The beginning of any practice
Before getting into poses, you will need a few minutes to prepare your mind and body. It is crucial to increase oxygen levels, stimulate blood circulation, and elevate body temperature. Such conditions are necessary to explore your full physical and mental potential.
Every practice session has a warm-up period, and you must take a few minutes to prepare your body and your mind for the rest of the session. Before stretching and contracting muscles, you need to stimulate blood circulation and raise the general body temperature.
Similarly, you have to bring your mind to focus in order to concentrate all your thoughts on the poses and movements. Lastly, you need to expand your breath capacity to increase oxygen levels in your bloodstream. By doing so, you guarantee the best muscles performance.
You can start your practice by standing, sitting or resting on your back. If you feel energetic, start your practice on your feet, but if you feel tired, you can start by laying on your mat. Then close your eyes, if that feels Ok.
Usually, your mind will be busy with thought patterns that are not related to what you are doing now; in this case, the practice session. You will probably be thinking about memories, missing the good ones or regretting bad ones. If not, you will be thinking about the future, planning actions, expecting positive outcomes or worrying about negative ones. In such cases, you have to avoid engaging these thoughts and escape the loops of such thinking patterns. To do so, you need to bring your attention to your breath.
Firstly, observe your breath without any questioning or judgment. After a few rounds, you will begin to modify your breathing pattern and make sure you are only breathing through your nose. Make your inhalation and exhalation of equal length. I usually count in my head, inhaling one, two, and three, exhale one, two, and three. You can repeat this until you feel like you have a constant and even breathe.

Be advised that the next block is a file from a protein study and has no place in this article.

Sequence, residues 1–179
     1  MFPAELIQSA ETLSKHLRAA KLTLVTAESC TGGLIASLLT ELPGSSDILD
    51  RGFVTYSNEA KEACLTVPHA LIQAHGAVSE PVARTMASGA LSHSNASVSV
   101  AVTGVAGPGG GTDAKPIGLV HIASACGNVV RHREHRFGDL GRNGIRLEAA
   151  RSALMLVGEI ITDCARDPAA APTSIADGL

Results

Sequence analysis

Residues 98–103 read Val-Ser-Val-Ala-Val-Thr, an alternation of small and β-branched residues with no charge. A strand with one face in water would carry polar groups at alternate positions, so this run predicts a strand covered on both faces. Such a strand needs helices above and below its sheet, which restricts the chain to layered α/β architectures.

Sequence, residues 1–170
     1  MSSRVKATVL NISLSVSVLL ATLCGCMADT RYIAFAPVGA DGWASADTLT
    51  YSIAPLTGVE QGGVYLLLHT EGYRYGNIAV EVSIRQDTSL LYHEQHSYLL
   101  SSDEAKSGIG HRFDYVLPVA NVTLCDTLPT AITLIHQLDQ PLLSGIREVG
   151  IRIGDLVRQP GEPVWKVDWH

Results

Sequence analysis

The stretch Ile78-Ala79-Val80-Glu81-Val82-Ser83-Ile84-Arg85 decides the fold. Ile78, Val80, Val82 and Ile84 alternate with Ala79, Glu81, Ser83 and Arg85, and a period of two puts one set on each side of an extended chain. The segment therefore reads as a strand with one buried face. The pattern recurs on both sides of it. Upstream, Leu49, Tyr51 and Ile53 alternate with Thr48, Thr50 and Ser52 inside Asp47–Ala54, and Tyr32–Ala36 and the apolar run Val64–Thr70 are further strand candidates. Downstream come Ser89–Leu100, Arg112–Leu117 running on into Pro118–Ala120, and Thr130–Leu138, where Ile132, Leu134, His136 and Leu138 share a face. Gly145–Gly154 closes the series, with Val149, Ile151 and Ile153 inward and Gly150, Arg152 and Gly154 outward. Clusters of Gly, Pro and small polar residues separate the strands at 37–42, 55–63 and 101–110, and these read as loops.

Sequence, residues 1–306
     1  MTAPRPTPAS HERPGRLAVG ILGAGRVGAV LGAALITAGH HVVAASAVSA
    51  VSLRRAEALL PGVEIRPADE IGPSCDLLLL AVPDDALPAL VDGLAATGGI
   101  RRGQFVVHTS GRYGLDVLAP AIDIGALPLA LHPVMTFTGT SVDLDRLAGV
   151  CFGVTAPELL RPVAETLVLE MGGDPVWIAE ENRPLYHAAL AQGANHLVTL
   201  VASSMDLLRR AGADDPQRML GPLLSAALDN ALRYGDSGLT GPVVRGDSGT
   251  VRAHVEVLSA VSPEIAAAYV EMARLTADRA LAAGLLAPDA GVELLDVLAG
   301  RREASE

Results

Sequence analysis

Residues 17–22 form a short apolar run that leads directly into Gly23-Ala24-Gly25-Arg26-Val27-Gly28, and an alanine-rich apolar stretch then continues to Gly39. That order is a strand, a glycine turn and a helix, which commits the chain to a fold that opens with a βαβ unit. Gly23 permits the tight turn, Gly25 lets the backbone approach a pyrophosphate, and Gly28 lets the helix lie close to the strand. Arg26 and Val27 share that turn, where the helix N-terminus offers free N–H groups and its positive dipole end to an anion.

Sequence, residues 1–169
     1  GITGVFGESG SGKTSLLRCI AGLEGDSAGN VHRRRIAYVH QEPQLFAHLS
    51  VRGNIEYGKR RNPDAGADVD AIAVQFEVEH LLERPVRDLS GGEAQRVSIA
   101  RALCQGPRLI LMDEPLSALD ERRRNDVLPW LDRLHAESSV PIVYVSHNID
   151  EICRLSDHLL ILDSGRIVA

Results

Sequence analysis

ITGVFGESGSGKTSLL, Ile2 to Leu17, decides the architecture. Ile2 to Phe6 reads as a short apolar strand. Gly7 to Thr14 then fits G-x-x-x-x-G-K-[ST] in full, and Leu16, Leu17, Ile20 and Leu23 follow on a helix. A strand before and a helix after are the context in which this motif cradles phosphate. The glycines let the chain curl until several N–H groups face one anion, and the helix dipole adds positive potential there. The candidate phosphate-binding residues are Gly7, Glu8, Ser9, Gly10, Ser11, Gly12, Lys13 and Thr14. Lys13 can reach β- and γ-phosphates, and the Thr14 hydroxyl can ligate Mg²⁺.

Keep in mind that this is the breath rhythm you should have during the entire practice. If you catch yourself breathing faster or not breathing at all, it would mean that you are forcing yourself past the limits of your strength and flexibility. Pull back from the pose or try a variation that allows you to recover your breath. You are meant to explore your limitations, without crossing the line. That is known in yoga as "playing the edge.” This edge appears to you when you sense resistance from the muscles.
Once you established a steady breath, begin to move your body. These movements are usually slow and soft because your muscles are still cold, and any sudden action will only bring tension to the body, which will limit your flexibility. Look for repetitive movements to notice how your body heats up while making your muscles more elastic, and bring circular motions to your neck, shoulders, and hips in both directions.
You can also incorporate gentle stretching’s. By doing so, you will get a sense of how flexible is your body is at the time of practice. Your body is never the same, somedays you are stronger or more flexible than other days, in different parts of the body. I like to start at the hips because they are the part of the body that usually needs it the most. A soft forward fold is always right.
Do I feel stiffy today? Am I tired? Do I feel muscle soreness? Am l anxious? Am I sad? Do I feel enthusiastic? These are the kinds of questions you want to ask yourself during practice. The answers will determine the structure of the practice and the sequence of poses.
You will notice that when you are ready to start going into more dynamic poses. In the next article, you will learn what to do after your body is warm. If you don't have time for a long practice, please make a short warm-up, but don't skip it because coming into strong poses without proper warm-up could lead to injuries. Leave most challenging poses for sessions longer than 45 minutes, and dedicate 10% of your practice time to warm-up.